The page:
NASA's Mars rover Curiosity may have to choose a new route to the base of a huge Red Planet mountain.
The 1-ton Curiosity rover had been heading for Mount Sharp — a 3.4-mile-high (5.5 kilometers) mountain in the center of Mars' Gale Crater — via "Hidden Valley," a sandy swale that's about the length of a football field. But Curiosity turned back shortly after entering the valley's northeastern end earlier this month, finding the sand surprisingly slippery, NASA officials said.
"We need to gain a better understanding of the interaction between the wheels and Martian sand ripples, and Hidden Valley is not a good location for experimenting," Curiosity project manager Jim Erickson, of NASA's Jet Propulsion Laboratory (JPL) in Pasadena, California, said in a statement. [Mars Rover Curiosity's Latest Amazing Photos]
There is no way out of Hidden Valley save exits at its northeastern and southwestern ends, NASA officials said. The mission team is now assessing possible alternative routes that would take Curiosity north of the valley.
The goal is to get Curiosity to Mount Sharp, which has been the rover's ultimate science destination since before its August 2012 touchdown. Mission scientists want the six-wheeled robot to climb up through the mountain's foothills, reading a history in the rocks of Mars' transition from a warm and wet planet in the ancient past to the cold, dry world we know today.
The chief goal of the $2.5 billion Curiosity mission is to determine if the Red Planet could ever have supported microbial life. The team has already checked off this goal, finding that an area near Curiosity's landing site called Yellowknife Bay was a habitable lake-and-stream system billions of years ago.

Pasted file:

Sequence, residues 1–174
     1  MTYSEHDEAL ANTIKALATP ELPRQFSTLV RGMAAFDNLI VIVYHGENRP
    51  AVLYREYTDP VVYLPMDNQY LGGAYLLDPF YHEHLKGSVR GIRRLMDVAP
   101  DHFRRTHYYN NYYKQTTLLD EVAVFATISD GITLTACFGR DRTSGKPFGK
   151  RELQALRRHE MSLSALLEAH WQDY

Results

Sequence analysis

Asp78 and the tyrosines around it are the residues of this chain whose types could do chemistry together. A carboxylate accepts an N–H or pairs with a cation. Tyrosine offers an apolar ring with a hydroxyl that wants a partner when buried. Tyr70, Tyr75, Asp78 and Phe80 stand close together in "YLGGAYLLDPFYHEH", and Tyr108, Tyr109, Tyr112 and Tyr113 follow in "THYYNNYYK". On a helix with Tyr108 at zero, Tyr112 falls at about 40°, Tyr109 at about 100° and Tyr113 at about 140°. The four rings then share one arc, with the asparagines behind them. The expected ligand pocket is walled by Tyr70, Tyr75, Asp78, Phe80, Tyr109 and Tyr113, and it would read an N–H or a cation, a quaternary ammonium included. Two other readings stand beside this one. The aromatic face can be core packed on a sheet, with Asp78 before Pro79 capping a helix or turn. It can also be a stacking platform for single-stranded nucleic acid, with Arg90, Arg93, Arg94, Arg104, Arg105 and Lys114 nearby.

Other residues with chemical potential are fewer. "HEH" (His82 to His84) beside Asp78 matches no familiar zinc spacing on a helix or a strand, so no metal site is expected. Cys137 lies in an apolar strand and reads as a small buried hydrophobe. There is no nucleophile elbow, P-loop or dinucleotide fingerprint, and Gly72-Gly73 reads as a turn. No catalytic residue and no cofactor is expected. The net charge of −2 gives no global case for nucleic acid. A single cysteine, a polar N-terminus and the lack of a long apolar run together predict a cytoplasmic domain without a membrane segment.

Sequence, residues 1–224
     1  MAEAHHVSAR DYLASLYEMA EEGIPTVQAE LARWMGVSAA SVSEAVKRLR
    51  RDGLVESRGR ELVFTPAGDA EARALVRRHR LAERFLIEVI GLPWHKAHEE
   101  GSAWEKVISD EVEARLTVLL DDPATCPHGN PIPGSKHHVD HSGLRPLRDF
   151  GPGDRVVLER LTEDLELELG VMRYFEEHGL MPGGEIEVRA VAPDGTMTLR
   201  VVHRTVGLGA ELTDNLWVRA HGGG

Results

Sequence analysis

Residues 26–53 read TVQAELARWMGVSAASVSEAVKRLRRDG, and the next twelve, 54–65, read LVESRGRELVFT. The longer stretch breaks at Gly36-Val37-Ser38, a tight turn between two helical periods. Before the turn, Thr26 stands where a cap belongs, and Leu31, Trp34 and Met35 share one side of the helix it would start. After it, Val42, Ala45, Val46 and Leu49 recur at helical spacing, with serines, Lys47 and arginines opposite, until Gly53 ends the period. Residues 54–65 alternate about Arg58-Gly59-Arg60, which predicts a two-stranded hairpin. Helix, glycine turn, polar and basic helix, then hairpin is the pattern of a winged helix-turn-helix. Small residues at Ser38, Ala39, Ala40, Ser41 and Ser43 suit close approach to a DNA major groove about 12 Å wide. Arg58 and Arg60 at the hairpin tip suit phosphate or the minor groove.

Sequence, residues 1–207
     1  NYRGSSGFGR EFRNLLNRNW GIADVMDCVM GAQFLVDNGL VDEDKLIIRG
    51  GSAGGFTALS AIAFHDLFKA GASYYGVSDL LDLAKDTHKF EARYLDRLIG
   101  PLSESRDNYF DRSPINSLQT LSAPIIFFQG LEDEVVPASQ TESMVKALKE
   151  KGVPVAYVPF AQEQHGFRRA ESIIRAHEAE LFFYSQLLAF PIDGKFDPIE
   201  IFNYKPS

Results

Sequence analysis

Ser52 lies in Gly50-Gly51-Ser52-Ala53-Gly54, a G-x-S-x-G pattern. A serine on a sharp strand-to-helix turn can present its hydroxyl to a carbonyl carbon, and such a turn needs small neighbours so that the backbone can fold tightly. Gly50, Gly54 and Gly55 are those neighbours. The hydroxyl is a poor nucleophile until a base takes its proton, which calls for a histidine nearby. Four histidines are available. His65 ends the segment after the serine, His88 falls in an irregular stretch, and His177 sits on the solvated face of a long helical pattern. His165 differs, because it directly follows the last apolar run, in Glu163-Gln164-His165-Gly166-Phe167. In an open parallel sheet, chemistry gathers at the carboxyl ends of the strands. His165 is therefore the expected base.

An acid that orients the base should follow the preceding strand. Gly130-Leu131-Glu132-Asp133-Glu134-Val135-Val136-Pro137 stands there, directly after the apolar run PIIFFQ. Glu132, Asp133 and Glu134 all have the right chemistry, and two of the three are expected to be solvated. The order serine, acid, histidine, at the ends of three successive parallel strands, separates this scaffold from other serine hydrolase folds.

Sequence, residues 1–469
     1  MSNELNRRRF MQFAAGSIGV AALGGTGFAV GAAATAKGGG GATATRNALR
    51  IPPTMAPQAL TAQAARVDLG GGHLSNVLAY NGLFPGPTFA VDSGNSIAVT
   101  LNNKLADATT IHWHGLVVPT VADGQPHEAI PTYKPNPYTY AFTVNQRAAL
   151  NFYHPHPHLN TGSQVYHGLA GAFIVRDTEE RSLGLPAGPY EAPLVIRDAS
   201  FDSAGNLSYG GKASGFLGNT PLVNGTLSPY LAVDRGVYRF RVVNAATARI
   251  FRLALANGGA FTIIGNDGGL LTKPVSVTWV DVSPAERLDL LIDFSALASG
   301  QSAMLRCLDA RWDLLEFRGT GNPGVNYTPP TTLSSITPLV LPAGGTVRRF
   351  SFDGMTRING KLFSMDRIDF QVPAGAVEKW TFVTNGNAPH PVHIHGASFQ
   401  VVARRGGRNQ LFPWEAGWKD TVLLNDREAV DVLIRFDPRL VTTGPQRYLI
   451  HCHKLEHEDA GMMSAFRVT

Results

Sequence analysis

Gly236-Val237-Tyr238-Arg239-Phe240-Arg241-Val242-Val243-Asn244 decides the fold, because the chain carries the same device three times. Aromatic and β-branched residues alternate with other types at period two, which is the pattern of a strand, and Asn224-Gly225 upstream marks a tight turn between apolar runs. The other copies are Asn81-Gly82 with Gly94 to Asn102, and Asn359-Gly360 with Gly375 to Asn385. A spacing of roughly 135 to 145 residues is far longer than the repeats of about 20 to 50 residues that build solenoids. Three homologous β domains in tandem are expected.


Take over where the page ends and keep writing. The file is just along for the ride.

Researchers came to this conclusion last year after analyzing samples Curiosity drilled from two different rocks in Yellowknife Bay.
Curiosity departed Yellowknife Bay in July 2013, embarking on the long drive to Mount Sharp. The rover drilled another rock sample along the way in May of this year, and it's now sizing up a fourth potential drilling target, mission officials said.
That rock, known as "Bonanza King," lies at the northeastern end of Hidden Valley. Studying Bonanza King could help the mission team better understand the geological context of Gale Crater, officials said.
"This rock has an appearance quite different from the sandstones we've been driving through for several months," said Curiosity deputy project scientist Ashwin Vasavada of JPL. "The landscape is changing, and that's worth checking out."
The epic drive has been complicated and prolonged somewhat by unexpected wheel damage, which Curiosity began to accrue late last year. The rover's operators adjusted Curiosity's route in an attempt to avoid hard, sharp rocks and have driven the rover backward part of the way. These strategies have helped get the problem under control, mission team members said.